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How To Out-flex Your Biggest Gym Rivals

gym rivals


How To Out-flex Your Biggest Gym Rivals

Ever faced someone at your gym who trains at the same time or attends the same classes and always seems to lift a little more or run a bit faster? Or perhaps you have a similar person whom you’ve never met in real life, but know from social media or their workout scores on the whiteboard.

Having a gym rival isn’t necessarily good or bad; it depends on how it makes you feel. If having that person pushes you outside your comfort zone to keep up or come out on top, awesome – you’re probably getting fitter as a result. However, if it discourages you that, despite your best efforts, this person appears to be a slightly fitter version of yourself, then the rivalry isn’t doing you any favors. Competitiveness is a double-edged sword and here’s how to tell if it’s helping or harming you.


1. If seeing your rival makes you want to not even try, the dynamic may be harming you. However, if you are excited to see them because you know your workout will be that much better, it is helping you.


2. If you can’t be happy for your rival’s accomplishments, it maybe harming you. If you can celebrate their victories while being motivated by their successes it is probably helping you.


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3. If how you stack up as compared to your rival is the deciding factor on whether or not you are happy with your performance, it may be harming you. If you appreciate the push you get from having your her next to you (or in your head) while still being happy with your best effort, it is probably helping you.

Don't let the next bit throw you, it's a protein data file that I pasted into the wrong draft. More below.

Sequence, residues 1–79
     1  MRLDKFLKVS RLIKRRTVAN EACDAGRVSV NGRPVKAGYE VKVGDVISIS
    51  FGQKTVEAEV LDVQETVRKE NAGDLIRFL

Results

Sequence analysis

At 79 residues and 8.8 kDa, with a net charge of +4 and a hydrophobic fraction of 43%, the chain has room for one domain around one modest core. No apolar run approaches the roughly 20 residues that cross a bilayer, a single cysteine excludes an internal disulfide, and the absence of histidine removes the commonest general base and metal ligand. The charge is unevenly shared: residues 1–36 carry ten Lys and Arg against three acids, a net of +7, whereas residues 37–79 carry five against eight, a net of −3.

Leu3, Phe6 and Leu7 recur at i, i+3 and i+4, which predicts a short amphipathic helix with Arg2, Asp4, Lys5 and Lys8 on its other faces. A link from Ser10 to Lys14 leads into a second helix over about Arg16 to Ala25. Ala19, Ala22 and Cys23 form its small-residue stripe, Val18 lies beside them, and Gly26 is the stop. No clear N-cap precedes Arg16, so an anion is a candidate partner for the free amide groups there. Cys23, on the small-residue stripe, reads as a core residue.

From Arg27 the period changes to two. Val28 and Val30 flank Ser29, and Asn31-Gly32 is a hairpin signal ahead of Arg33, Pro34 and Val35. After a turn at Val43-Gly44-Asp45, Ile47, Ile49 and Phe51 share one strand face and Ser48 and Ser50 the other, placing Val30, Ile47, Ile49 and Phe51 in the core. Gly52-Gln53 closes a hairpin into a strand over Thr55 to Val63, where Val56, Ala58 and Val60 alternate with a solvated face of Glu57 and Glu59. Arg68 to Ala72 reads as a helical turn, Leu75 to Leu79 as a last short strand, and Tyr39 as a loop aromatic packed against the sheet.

4. If you dislike your rival and find them consuming your thoughts outside the gym, it may be harming you. If the thought of them helps light a fire under you’re ass and you can high five afterward, it is helping you.


What to do to end an in-person rivalry is not as simple as clicking a button to make them disappear. Do they even know they’re a rival or is it completely one-sided? If at all possible, try to work out at a different time so that you can keep them out of sight and avoid peaking at the whiteboard if they’ve been at a class before you.

If you must work out at the same time, try not to set up right beside them. Instead, pick a space further away so you can focus on yourself. Remind yourself throughout, and immediately following, the workout that you are doing this for you.

When self-doubt or comparisons creep in, take a trip down memory lane at how far you’ve come and what you’ve accomplished. A gym rival can go from helpful to harmful or vice versa. Staying aware of how this dynamic is making you feel is the best way to make sure you don’t let it become larger than life. Remember why you are working out and trying to better yourself in the first place – for you and no one else.


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Esther Avant

ACE-certified PT and weight loss specialist and a Precision Nutrition Level 2 nutrition coach.

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